The NFL, meanwhile, has stated that the league knew of Roberts' views.
“I can tell you without any hesitation that this is false,” NFL spokesman Joe Lockhart told Pro Football Talk. "“It’s categorically false that the information was kept from the Commission. The findings were not based on the testimony of any one witness. It was based on evidence through forensic sources and it was corroborated in the process."
Why Jerry Jones Was So Livid
Remember the reports that Jones was furious about the decision to suspended Elliott and was convinced leading up there would be no suspension? Well according to the Fort Worth Star-Telegram, that's because Jones was told by an NFL executive there wouldn't be.
"Roberts’ recommendation of no discipline is the main reason Cowboys owner Jerry Jones expressed so much confidence in the case until the NFL announced the suspension on Aug. 11," Clarence Hill writes. "Jones was told by a top NFL executive that there would be no suspension, according to a source."
Having been told there would be no suspension and knowing the thoughts of one of the main investigators, it's easy to see why Jones was so upset.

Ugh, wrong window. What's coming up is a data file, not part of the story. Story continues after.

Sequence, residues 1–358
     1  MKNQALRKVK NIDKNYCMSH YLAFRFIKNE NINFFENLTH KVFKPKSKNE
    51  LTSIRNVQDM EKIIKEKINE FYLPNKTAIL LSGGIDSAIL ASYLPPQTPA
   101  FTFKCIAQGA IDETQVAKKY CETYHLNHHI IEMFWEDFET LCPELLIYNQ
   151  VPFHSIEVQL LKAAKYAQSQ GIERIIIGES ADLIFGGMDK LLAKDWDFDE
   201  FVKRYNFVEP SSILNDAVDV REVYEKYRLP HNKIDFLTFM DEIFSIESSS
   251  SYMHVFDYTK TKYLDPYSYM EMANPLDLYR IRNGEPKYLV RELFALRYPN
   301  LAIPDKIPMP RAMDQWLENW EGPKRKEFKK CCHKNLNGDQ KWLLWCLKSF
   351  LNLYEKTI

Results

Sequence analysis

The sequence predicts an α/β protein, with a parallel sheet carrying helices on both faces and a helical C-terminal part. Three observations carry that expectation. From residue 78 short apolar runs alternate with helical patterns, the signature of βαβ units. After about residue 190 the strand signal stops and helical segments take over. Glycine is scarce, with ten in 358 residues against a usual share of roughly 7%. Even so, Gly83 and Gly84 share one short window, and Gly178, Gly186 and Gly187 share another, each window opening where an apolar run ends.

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Okay, So What Does All That Mean?
Well it's not good for the NFL. Some have thought the Elliott suspension was one of optics: designed to make it look like the NFL was tough on domestic violence and conducted a witch hunt. Those who entered with those beliefs have only had confirmation with the NFL lawsuit. Because right now, it looks like the NFL ignored the recommendation that said Elliott shouldn't be disciplined. The NFLPA faces an uphill battle because of precedent with the Tom Brady case, but they will fight tooth and nail. And if the lawsuit's claims are accurate, well, Pro Football Talk sums it up well.
If these allegations in the Elliott lawsuit are true, some high-level people currently working at 345 Park Avenue eventually won't be.— ProFootballTalk (@ProFootballTalk) September 1, 2017
Oh by the way, if Elliott's father is to be believed, there might be more left to come out.
"Ezekiel Elliott investigator didn't want suspension"! You haven't heard anything yet! Truth will prevail! https://t.co/jtYTYcXePx— Ambassador Elliott (@stacy_elliott) September 1, 2017
And most importantly, this case is far from over. It's headed to court and it will remain ugly.